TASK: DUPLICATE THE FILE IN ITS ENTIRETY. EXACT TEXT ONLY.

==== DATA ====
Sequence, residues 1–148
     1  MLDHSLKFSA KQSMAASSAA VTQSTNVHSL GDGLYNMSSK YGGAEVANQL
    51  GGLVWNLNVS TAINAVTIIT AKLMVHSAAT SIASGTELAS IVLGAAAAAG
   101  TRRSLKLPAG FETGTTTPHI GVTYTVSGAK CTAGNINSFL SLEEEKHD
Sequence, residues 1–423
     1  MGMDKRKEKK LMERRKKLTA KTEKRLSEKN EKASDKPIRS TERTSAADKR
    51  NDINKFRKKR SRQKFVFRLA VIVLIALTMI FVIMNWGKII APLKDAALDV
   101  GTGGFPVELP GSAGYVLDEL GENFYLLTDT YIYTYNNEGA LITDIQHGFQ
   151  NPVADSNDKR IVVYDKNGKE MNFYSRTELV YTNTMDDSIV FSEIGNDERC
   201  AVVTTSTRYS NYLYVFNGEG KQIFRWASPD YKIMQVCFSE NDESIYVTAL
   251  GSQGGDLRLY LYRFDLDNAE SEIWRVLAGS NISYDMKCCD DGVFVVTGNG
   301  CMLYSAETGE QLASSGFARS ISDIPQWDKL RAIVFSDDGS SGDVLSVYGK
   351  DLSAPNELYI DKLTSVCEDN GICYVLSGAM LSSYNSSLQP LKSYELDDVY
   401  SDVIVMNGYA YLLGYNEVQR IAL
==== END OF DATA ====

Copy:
Sequence, residues 1–148
     1  MLDHSLKFSA KQSMAASSAA VTQSTNVHSL GDGLYNMSSK YGGAEVANQL
    51  GGLVWNLNVS TAINAVTIIT AKLMVHSAAT SIASGTELAS IVLGAAAAAG
   101  TRRSLKLPAG FETGTTTPHI GVTYTVSGAK CTAGNINSFL SLEEEKHD
Sequence, residues 1–423
     1  MGMDKRKEKK LMERRKKLTA KTEKRLSEKN EKASDKPIRS TERTSAADKR
    51  NDINKFRKKR SRQKFVFRLA VIVLIALTMI FVIMNWGKII APLKDAALDV
   101  GTGGFPVELP GSAGYVLDEL GENFYLLTDT YIYTYNNEGA LITDIQHGFQ
   151  NPVADSNDKR IVVYDKNGKE MNFYSRTELV YTNTMDDSIV FSEIGNDERC
   201  AVVTTSTRYS NYLYVFNGEG KQIFRWASPD YKIMQVCFSE NDESIYVTAL
   251  GSQGGDLRLY LYRFDLDNAE SEIWRVLAGS NISYDMKCCD DGVFVVTGNG
   301  CMLYSAETGE QLASSGFARS ISDIPQWDKL RAIVFSDDGS SGDVLSVYGK
   351  DLSAPNELYI DKLTSVCEDN GICYVLSGAM LSSYNSSLQP LKSYELDDVY
   401  SDVIVMNGYA YLLGYNEVQR IAL